The mayor and police chief of Springfield attempted to cover up a driving while intoxicated case, according to arrest warrants filed by the state Office of the Inspector General.

Mayor Charles E. Martin and Police Chief James Jones were arrested Tuesday and booked into the Livingston Parish Detention Center with obstruction of justice, malfeasance in office, injuring public records and conspiracy, a sheriff’s spokesman confirmed.

Both were released on bond later Tuesday, the spokesman said. Jones was back working Wednesday, he said.

Martin did not return calls seeking comment.

Reached by phone, Chief Jones refused to comment on the allegations on the advice of his attorney, but said he would not take any leave or resign.

“I ain’t going nowhere,” he said. “I am not planning on resigning.”

The case will be referred to the state Attorney General’s Office, said Scott Perrilloux, district attorney.

The criminal counts stemmed from an April 10 incident in which Springfield Police Officer Ryan Weaver arrested a Tyra Jones, of Hammond, on suspicion of driving while intoxicated, the warrant says.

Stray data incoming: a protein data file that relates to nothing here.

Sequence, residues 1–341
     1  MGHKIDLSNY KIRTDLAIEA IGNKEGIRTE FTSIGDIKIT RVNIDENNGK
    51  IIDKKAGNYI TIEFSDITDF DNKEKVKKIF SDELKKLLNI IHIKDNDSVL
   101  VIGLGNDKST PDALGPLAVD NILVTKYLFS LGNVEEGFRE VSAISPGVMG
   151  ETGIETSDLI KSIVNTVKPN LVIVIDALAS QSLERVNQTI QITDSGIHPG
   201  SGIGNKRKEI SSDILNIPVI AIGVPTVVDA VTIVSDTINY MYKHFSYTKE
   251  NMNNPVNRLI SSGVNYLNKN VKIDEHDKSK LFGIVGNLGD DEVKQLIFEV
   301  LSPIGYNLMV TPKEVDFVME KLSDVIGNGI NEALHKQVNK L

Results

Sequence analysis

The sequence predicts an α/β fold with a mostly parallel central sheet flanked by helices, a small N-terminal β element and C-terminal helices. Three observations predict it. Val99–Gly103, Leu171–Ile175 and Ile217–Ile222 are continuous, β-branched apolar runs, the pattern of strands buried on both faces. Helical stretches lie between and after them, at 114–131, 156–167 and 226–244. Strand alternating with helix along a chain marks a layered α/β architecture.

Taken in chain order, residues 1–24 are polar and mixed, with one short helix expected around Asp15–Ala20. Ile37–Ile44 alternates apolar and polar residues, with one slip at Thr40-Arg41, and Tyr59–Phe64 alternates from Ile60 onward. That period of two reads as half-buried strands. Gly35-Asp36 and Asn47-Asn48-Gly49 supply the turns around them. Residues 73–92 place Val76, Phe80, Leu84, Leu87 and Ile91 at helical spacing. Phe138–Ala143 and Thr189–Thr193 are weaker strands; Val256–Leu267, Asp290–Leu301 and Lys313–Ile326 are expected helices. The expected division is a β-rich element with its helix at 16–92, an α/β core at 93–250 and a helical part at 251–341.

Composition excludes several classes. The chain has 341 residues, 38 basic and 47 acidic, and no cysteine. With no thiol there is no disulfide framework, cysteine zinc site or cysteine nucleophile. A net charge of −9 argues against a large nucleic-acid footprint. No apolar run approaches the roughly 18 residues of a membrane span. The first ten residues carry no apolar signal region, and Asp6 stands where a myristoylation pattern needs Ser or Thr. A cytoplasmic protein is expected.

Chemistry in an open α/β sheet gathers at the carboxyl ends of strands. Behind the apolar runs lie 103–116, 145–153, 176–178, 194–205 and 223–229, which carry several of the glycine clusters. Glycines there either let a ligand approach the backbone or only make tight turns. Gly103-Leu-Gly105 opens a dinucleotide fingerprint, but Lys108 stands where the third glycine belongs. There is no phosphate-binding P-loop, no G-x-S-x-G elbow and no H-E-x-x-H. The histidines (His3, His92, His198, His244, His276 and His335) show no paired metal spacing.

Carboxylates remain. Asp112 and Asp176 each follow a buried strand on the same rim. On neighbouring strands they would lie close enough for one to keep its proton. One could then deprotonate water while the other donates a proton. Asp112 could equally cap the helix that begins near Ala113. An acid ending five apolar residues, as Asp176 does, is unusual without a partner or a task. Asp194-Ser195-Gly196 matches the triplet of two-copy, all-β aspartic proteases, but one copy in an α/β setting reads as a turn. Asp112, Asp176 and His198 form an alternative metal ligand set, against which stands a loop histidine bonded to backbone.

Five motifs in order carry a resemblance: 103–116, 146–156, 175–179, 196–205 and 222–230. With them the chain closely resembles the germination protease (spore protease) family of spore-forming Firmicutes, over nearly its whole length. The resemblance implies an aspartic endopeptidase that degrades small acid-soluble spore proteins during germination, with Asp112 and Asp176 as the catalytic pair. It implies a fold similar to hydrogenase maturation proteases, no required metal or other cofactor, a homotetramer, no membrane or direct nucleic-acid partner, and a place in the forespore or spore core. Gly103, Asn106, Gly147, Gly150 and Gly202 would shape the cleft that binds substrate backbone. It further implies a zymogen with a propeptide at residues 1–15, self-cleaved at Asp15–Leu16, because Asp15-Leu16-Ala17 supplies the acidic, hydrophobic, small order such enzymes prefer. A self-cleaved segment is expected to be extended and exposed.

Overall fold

Tyra Jones had a blood-alcohol level allegedly more than twice the legal limit, the warrant states.

Tyra Jones was booked into the Detention Center with DWI and reckless operation of a motor vehicle, the warrant alleges.

After the arrest, Martin and Chief Jones attempted to prevent the arrest from being prosecuted, according to the warrant.

The two officials admitted concealing the arrest of Tyra Jones during an interview with investigators from the Office of the Inspector General and the Federal Bureau of Investigation, the warrant states.

Martin admitted to illegally attempting to hide the arrest after receiving phone calls from two good friends about the incident, the warrant states.

Jones told investigators he had hidden Tyra Jones’ DWI arrest report after conferring with Martin, according to the warrant.

The warrant alleges that Martin asked Weaver if he would have a problem if Martin “took care of his friend” and reduced “the DWI to a reckless operation citation,” the warrant says.

The Inspector General’s Office also has a recording of Jones telling Weaver that he did not intend to submit the DWI report to Perrilloux for prosecution, the warrant says.

“What are they gonna do? ... how are they gonna dispute that?” the warrant quotes Jones as saying on the recording.

Chief Jones also told Weaver that the plan was legal because the mayor had the right to amend misdemeanor DWI offenses.

Louisiana law prohibits Mayors’ Courts from judging DWI cases, the warrant says.

Tyra Jones was issued a citation for reckless operation and had her license returned by Chief Jones approximately a week after she was arrested, according to the warrant.

“There were two angles in this case,” Louisiana Inspector General Stephen Street said. “Public corruption and public safety.

“The officer made a textbook DWI arrest, and they came in there and changed it,” he said.